Ten years on, is the banking sector a wise investment?
It was 10 years ago this week that large queues of people started to form outside branches of Northern Rock, the first visible sign in the UK of the crisis that was to engulf markets over the coming months. Poor credit assessment by banks and sloppy regulation on both sides of the Atlantic led to the worst banking crisis since the depression – resulting in massive bailouts of financial institutions and global economic grief. Now, one decade later, how are banks shaping up from an investor’s point of view?
In the UK, the end of PPI payments is now in sight. The Government has returned Lloyds Banking Group to private hands, and dividends in the sector are already high and on the rise. So, can we now draw a line under the Great Financial Crisis and look forward to a confident and profitable future for UK banks?
Well, not exactly. Although substantial fines and compensation have already been paid, not all legacy issues are over. Barclays, RBS and HSBC have yet to settle with the US Department of Justice over the sale of mortgage-backed securities in the lead up to the credit crunch. The fines could easily be $3bn (£2.25bn) – and even as much as $10bn judging by those banks that have settled. This is a massive amount for Barclays and RBS, potentially wiping out one year’s dividend payments. It should be easier to swallow at HSBC, which appears to be the more attractive of the UK banks due to its significant operations elsewhere.
Bank profitability is probably never going to hit the heady heights of where it was before the financial crisis, mainly because of increased regulation. Before things started to deteriorate, banks could aspire to generate returns on shareholders’ equity of at least 15pc. But capital requirements following the crisis have more than doubled – and low interest rates have reduced profits from the banks’ own assets. UK banks are, in general, now targeting a lower return on equity of 10pc, which most have so far failed to meet.
Growth in loans has also plummeted, especially for mortgages. High house prices have reduced affordability for many younger customers, and banks have become wary of lending to higher-risk customers. Home loan growth has gone from mid-teens per year precrisis to around 2pc to 3pc now. Low interest rates – which are likely to be around for some time in the UK – also crimp banks’ profitability. Indeed, earnings growth is unlikely to become interesting until interest rates are raised substantially.
Lending to businesses has also been subdued. Some say this is because the banks are unnecessarily restrictive, while others say that businesses do not want to borrow because they do not want to expose themselves to funding risks. The only positive recent macro trend for the banks has been the rise in consumer credit, but, for most, this is a small part of their activities and can’t make up for declines elsewhere.
There are also competition issues that are likely to continue to drag. Regulators are keen to encourage challenger banks, with the focus of their attention on current accounts, mortgages and small business lending. One of the most interesting and innovative proposed remedies is the introduction of “open banking”. This would require UK banks, with their customers’ approval, to make customer data available to other financial companies who could then bid for the customers’ business. It is expected that knowledge of a customer’s credit history will improve competition in lending to those customers, especially to small and medium-sized enterprises.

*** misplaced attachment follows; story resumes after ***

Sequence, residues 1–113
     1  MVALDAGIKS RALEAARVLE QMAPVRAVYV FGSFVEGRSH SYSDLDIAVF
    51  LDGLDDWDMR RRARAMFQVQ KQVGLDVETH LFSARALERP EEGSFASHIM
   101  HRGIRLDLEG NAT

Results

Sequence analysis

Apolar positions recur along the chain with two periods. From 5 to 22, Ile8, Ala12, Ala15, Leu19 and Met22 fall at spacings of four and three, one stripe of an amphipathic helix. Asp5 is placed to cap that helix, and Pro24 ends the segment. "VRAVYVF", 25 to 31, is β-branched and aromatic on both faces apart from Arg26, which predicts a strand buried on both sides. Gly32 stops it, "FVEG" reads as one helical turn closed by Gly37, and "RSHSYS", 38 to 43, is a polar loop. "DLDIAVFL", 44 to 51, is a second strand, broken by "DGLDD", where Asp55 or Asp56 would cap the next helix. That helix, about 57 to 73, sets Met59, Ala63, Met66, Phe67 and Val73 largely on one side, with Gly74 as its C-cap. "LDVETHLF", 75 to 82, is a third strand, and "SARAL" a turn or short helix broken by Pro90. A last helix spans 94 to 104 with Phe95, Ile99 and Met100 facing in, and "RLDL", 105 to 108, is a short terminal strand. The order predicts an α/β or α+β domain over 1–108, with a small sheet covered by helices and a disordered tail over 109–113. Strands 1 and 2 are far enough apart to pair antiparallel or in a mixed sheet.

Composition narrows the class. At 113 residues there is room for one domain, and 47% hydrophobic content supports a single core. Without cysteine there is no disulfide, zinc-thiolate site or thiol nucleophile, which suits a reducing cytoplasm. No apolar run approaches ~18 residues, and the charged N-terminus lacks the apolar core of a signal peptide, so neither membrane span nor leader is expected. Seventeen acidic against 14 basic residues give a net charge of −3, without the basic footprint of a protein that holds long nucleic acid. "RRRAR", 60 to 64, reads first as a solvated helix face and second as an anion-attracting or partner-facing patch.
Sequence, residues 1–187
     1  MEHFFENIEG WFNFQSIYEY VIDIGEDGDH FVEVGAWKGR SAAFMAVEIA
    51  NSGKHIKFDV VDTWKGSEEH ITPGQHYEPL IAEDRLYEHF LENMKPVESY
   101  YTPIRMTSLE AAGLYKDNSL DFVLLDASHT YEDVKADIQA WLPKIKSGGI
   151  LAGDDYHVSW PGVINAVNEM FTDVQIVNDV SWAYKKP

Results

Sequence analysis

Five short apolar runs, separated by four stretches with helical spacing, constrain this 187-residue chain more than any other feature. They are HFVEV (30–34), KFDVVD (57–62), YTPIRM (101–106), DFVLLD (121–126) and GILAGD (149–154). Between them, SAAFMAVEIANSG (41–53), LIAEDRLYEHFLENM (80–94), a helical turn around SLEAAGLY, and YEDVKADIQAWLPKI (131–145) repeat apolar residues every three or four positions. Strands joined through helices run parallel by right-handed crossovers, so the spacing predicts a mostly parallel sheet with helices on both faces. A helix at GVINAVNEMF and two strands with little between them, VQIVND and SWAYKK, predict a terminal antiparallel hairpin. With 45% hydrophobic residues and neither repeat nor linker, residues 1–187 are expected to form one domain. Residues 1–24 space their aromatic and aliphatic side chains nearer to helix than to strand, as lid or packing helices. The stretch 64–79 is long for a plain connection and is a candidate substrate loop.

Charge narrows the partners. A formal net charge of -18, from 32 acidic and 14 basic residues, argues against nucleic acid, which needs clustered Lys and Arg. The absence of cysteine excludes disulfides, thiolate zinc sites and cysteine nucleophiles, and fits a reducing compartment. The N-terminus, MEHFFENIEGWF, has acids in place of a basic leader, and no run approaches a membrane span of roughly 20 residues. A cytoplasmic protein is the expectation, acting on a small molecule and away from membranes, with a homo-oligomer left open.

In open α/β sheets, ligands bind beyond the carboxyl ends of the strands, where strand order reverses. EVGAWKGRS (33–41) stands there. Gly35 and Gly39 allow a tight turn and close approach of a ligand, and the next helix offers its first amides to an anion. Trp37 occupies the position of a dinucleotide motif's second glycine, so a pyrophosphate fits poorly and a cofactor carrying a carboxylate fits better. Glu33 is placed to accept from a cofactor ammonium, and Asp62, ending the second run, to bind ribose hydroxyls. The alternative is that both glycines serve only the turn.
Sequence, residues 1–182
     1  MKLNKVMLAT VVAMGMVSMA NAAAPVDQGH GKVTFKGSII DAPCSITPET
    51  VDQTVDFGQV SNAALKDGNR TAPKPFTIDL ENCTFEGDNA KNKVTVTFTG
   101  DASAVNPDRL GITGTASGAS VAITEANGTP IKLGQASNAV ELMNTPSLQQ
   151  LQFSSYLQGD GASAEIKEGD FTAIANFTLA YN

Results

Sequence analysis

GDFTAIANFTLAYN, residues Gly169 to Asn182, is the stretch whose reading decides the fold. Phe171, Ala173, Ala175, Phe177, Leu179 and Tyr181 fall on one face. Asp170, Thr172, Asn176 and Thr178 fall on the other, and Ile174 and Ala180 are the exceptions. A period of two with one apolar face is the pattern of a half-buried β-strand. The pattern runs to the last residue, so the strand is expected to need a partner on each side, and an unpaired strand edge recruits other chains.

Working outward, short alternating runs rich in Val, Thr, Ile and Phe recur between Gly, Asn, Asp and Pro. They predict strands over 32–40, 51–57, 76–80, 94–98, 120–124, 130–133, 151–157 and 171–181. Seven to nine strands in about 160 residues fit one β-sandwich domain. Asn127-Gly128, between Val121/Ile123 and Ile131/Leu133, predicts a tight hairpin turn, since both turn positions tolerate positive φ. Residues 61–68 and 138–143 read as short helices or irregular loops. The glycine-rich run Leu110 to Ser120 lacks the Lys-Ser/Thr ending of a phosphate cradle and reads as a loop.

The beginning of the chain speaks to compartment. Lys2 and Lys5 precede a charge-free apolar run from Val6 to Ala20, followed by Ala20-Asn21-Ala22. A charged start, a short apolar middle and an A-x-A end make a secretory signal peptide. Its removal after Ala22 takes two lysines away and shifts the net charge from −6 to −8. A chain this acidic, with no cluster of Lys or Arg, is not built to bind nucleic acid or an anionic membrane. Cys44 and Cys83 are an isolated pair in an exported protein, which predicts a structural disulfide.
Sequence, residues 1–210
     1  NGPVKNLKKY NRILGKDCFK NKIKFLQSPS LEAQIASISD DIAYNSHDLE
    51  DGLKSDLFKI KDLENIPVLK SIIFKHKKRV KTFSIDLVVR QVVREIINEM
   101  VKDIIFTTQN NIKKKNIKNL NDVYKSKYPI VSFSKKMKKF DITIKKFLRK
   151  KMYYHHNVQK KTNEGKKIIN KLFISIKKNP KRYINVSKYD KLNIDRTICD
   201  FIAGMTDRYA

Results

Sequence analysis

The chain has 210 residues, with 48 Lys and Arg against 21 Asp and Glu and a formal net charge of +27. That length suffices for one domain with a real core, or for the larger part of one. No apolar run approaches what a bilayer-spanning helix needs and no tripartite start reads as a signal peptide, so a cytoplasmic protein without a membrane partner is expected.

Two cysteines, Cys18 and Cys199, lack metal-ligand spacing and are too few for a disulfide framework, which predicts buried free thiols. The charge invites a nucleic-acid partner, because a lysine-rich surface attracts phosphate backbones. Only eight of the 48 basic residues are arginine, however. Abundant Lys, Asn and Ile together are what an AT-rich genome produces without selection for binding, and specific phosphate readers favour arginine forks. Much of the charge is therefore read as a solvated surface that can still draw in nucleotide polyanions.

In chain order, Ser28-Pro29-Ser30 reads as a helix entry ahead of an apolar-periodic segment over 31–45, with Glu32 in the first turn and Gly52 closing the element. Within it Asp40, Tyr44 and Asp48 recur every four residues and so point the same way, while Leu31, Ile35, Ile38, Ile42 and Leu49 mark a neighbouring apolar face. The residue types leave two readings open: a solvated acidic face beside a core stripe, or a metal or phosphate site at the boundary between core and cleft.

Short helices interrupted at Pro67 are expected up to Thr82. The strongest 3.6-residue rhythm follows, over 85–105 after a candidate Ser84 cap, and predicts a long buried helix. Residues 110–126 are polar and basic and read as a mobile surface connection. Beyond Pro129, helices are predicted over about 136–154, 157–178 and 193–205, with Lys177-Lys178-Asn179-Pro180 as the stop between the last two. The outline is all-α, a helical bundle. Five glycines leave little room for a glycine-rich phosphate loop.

UK-listed challenger banks such as Aldermore, Shawbrook, Metro Bank and Virgin Money have their own problems. The big banks have significant economies of scale and are much more able to cope with regulatory requirements than institutions with smaller balance sheets. This means that these smaller players are likely to be restricted to a narrow part of the market that is underserved by the major banks, which could result in riskier lending portfolios. If more competition is to be encouraged, then regulators may need to take a look at the impact of new rules on these up-and-coming lenders.
One under-discussed risk for banks is disruption from fintech companies. Banks are increasingly using digital processes to lower costs and interact with their customers, but digital expertise is not a traditional core skill of a UK bank and there is a suspicion that fintech companies will be better able to exploit the opportunities. Traditional banks are responding by using smartphones and digital technology to distribute and process business, but their focus is more on lowering costs than on radically changing the way business is done.
UK banks may give good dividend yields paid out of current profits, but investors should be wary that bank profitability could fall sharply if margins come under more pressure and loan losses start to pick up. This could put dividends at risk, and the investment also comes with an opportunity cost – as more money could potentially be made in other sectors. Indeed, US financials look more attractive as interest rates are likely to be raised sooner, loan books are growing, the economy appears to be in great shape and, following a recent period of dollar weakness, they are attractive in currency terms too. Investors seeking banking exposure may do better by heading west.
‘Investment in UK banks comes with an opportunity cost – as more money could potentially be made in other sectors’